Week 22 – “But Solving 1-Step Equations Is So Much Easier Without Modeling It!”

Week 22 – “But Solving 1-Step Equations Is So Much Easier Without Modeling It!”

Dan Meyer has a collection of blog posts called “If (insert math concept) is the asprin, how do we create the headache.”  I felt I was shoving asprin down my Pre-Algebra students throats as they were saying ‘I don’t have a headache but I do now!’ during our lesson on modeling one-step equations.  Additionally, in 6th grade math, I feel I’ve got a wider gap between students with a lot of background knowledge on the current concept and students with no background knowledge.  It’s challenging.  But we had fun auctions in class this week!


One-step equations can be intuitive when working with whole numbers, which makes having students model it visually on a scale difficult; why make an easy thing hard?  Well…to try and make the harder things easy later on.

solve one-step equationsWe started out by playing with this Khan Academy module where you’re balancing a scale to figure out the weight of a monster.  A few of the reflection comments were as follows:

I had to get the monster on one-side by himself because I wanted to know what HIS weight was, not the weight of him AND 4 other blocks.

When I took 4 blocks off one side, I had to take 4 off the other side or else it wouldn’t stay balanced.

Awesome start!  This gave us a great lead into how to visually model solving one-step equations with addition, multiplication, and division.  This is where I started losing them.

We were using -1’s to show x – 4 = 8.

How can you have a -1 block?

I told them it was like an anti-gravity pound.  Because that makes sense.  They were kind of getting the multiplication and division modeling.  For division, I had a monster cut in half and the other side of the scale has 12 lbs.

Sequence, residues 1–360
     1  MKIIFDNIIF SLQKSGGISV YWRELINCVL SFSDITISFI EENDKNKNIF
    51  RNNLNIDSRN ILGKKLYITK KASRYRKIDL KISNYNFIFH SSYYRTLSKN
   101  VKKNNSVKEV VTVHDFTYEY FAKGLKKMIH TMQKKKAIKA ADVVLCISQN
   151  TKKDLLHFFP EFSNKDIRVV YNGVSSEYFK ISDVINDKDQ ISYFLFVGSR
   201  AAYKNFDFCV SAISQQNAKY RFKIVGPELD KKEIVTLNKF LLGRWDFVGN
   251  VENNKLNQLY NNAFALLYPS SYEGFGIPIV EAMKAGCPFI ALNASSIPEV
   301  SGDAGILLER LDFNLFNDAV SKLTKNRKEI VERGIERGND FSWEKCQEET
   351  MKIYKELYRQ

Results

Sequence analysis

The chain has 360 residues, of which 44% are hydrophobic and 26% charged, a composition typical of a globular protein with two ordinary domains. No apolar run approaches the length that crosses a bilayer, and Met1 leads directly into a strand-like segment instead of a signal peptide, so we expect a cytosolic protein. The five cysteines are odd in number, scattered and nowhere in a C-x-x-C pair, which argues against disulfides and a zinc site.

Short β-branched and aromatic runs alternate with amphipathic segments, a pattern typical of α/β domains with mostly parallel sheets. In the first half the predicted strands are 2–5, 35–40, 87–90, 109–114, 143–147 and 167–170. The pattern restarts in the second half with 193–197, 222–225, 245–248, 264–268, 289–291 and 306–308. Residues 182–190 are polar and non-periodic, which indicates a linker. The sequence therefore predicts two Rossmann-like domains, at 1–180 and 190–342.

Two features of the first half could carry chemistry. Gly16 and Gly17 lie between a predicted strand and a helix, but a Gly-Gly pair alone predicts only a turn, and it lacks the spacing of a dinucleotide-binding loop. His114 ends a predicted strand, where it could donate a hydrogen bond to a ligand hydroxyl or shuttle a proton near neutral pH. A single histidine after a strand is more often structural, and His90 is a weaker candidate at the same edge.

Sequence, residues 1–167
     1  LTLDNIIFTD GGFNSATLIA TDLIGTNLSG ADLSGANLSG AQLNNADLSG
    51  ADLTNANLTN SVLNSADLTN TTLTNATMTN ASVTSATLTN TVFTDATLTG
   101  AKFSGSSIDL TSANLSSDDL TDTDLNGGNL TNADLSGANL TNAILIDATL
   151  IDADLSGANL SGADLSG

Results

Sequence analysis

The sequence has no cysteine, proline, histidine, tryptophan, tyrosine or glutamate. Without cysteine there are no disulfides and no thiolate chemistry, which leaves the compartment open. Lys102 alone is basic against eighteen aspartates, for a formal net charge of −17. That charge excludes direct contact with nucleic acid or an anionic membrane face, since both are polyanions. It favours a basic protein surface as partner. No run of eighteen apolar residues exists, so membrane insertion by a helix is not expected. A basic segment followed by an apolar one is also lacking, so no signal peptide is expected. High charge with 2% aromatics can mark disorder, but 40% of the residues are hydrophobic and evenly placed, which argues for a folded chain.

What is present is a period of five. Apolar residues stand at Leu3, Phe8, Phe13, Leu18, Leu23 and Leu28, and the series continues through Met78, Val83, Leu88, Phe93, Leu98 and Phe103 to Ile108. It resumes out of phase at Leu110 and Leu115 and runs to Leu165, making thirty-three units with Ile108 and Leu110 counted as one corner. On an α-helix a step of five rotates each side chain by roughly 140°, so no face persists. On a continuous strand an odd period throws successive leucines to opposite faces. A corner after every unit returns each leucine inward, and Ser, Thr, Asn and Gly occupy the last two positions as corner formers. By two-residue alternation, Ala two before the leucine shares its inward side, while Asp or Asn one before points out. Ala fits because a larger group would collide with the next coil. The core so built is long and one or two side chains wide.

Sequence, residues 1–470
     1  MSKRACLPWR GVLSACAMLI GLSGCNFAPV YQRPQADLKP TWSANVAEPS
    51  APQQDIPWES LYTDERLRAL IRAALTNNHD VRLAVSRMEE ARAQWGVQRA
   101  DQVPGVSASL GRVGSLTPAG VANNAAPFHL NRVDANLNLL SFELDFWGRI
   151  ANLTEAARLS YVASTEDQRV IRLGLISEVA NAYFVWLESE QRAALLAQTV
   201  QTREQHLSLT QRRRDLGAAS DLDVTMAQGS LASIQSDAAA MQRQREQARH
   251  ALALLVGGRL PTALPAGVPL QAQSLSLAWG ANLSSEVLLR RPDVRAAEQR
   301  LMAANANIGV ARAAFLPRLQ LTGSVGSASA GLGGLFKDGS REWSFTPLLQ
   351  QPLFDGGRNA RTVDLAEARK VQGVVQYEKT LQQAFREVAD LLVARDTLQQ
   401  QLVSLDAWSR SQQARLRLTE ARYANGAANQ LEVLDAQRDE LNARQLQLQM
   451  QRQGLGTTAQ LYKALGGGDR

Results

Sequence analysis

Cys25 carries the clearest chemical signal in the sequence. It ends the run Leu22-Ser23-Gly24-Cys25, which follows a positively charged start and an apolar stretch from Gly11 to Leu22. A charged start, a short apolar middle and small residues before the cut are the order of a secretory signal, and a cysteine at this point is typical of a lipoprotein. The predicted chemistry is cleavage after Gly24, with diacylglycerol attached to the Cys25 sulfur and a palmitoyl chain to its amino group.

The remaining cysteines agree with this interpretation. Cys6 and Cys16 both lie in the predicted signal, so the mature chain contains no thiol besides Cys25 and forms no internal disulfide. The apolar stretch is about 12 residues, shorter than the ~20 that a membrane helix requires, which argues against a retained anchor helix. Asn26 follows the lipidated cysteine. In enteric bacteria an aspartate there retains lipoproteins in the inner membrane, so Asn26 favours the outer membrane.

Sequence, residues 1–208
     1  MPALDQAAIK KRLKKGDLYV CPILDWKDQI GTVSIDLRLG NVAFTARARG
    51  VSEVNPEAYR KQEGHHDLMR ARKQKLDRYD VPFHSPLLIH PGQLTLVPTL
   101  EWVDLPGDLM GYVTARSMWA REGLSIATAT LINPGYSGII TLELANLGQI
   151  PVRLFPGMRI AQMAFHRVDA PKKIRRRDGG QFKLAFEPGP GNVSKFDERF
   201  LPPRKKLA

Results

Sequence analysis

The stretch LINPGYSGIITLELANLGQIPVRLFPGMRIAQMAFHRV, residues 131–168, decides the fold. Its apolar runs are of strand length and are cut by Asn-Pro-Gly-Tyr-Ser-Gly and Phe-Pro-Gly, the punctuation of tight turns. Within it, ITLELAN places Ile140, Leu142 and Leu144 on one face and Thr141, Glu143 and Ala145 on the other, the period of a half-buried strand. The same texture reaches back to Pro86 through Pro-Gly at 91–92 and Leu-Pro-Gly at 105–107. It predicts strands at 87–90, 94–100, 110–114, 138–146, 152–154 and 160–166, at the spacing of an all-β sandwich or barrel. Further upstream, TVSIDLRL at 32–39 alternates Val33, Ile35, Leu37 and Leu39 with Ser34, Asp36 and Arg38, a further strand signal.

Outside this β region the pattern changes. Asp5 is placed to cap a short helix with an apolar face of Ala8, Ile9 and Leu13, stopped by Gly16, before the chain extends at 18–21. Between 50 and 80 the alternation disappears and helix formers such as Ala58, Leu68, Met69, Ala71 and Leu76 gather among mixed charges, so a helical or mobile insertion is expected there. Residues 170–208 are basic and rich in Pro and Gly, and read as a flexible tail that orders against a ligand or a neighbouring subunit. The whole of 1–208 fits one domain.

I then gave them a worksheet where they had to model one equation for each operation.  They were pushing back quite a bit.

I know that you said that the modeling would help us understand it down the road but I feel just more confused and it isn’t helping.

I get what you’re trying to do but I think you should trust us to allow us to do the work in our head if we know we can and then show our work algebraically if we can’t do it in our head.

I told them I’m saving them from trying to guess and check when their variable is something like 4.28 or 12/13.  Perhaps I should’ve shown them a problem that was ‘impossible’ first (3.52x = 4) to help create that headache and then show them the beauty of working to isolate the variable and performing the same operation on both sides to maintain equality and balance.


We’re delving into fraction operations with mixed fractions.  I’m at a cross.  I don’t want to just show students the algorithms for working with mixed numbers, but it’s so hard and time-consuming to help them conceptually see what’s happening.  I read through THIS research on teaching fractions and it gave some very helpful tips, but it’s not easy stuff.  Reading through some of it made me realize that I don’t have the deepest conceptual understanding…at least in the sense that there were some visual models they provided that I really didn’t get until examining it for quite a while and felt it’d be really confusing for my students.